They offer the option of ordering the pattern with or without seam allowances for an extra fifty cents (USD). That seemed to me to be a small price to pay for the convenience of not having to add them. Forget about it. The seam allowances they added were far too small and, in any case, inconsistent. In some places, they were 3/8-inch seam allowances. In other places, they were ¼-inch. To make matters worse, I found two seam allowances that were supposed to join with one another that were different. In the end, I had to fix some of them. Then, I don’t know about you, but when I make a piece of clothing, I don’t’ think of myself as a sweatshop worker in Sri Lanka where there is a need to save even the smallest tidbit of fabric. I can have larger seam allowances to work with. If they’re ¼-inch or even 3/8, if you must know, I can’t serge them perfectly. I hate that. (PS maybe you can, but it’s a bridge too far for me!)
So, was I able to hold myself back from trying it on until it was finished? Almost. When I had it hanging on Gloria junior, I thought I could see that it would make quite a nice colour-blocked summer top with drop shoulders and no sleeves. If I were to make that kind of adjustment, I’d have to narrow those armhole openings a bit. I couldn’t figure out how much without trying it on. So, I clipped the side seams together and tried it on. I was tickled by how well it did fit. These over-sized pieces are often so tent-like that they don’t really flatter anyone, especially me. This one fit! And I was able to determine that if I were to narrow the sleeve opening by 2 inches, 4-7/8 inches from the neckline, I could rework the pattern for summer.
Well, I was so happy with the fit that I ordered another pattern (for only $3.49, you cannot go wrong, I figured).
I also wondered if Lekala might consider doing one of my designs, so I got in touch with them. Within a day, they got back to me to tell me how to propose a new design and to invite me to use their online computer-assisted pattern design software.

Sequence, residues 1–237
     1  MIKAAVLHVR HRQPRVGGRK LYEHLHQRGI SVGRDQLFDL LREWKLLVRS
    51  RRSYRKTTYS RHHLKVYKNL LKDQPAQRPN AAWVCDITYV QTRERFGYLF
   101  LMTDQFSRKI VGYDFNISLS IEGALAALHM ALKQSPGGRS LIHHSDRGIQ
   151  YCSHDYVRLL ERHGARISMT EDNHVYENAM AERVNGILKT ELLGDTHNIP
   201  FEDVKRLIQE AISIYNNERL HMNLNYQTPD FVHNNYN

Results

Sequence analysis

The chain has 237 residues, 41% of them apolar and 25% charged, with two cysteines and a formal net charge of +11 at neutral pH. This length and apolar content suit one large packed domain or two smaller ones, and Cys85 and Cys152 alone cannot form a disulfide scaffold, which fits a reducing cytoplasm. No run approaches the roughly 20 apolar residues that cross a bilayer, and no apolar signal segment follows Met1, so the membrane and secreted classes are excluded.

Here are the designs I proposed…
I am interested in CAD design, so I surfed on over. Oh. My. God. It’s complicated. But eventually, when I have lots of time (perhaps the next pandemic? Oh, no, let’s not go there!), I’ll watch their video and really get into it. In the meantime, I’m going to get started on my new piece for the Fabricville spring blog. See you there!
I think that the shrug might just be the most useful piece of clothing a woman could own. They are so small, so light, so packable. Well, most of them are. The shrug. Sometimes referred to as a bolero. But are they the same thing? I’ll get to that, but let me begin by introducing you to the shrug.
I’d like you to meet a few shrugs I’ve known and loved in my life.
[FYI: I used McCall’s 7289, which now seems to be out of print ―for good reason in my view―for the white and black shrug shown on the veranda of a cruise ship suite, but it was so humongous and funky, I had to make a significant number of changes to the pattern.]
So, how exactly do you define a shrug?
Well, the English language is a funny bird, isn’t it? The Merriam-Webster dictionary says to shrug means “to raise or draw in the shoulders especially to express aloofness, indifference, or uncertainty.” And a shrug is the act of shrugging.
Ah, the English language. A shrug is also a piece of clothing. No wonder so many people have difficulty learning the language!
Wikipedia, the arbiter of all things, says, “A shrug is a cropped, cardigan-like garment with short or long sleeves cut in one with the body, typically knitted, for women.” Hmm…that doesn’t seem quite right. It seems too narrow. In fact, many online definitions on supposed style sites suggest that they are knitted garments, and when they are embellished, they are boleros. However, that doesn’t make sense to me, given the origin of the bolero and shrug.
If we look at the evolution of fashion historically, it seems that the bolero jacket evolved from a military garment called a Zouave jacket, a garment that is not, in any way, knitted. It was widely used in uniforms during the nineteenth century and even earlier, especially during the American Civil War.
If you think about the fashions in Gone with the Wind, for example, and consider the jackets often worn over those voluminous dresses, you are seeing the evolution of the Zouave jacket into what we now refer to as a bolero, which has Spanish origins. Think bullfighter. So, the two similar garments come together to give us what we see today as bolero jackets. But are these shrugs?
I’ve concluded that I have to have my own definition that arises from all of this, so here’s what I’m going with.
A shrug is a short, cropped jacket that is worn open over the bodice of a dress, top or T-shirt.
A shrug sweater is a knitted shrug.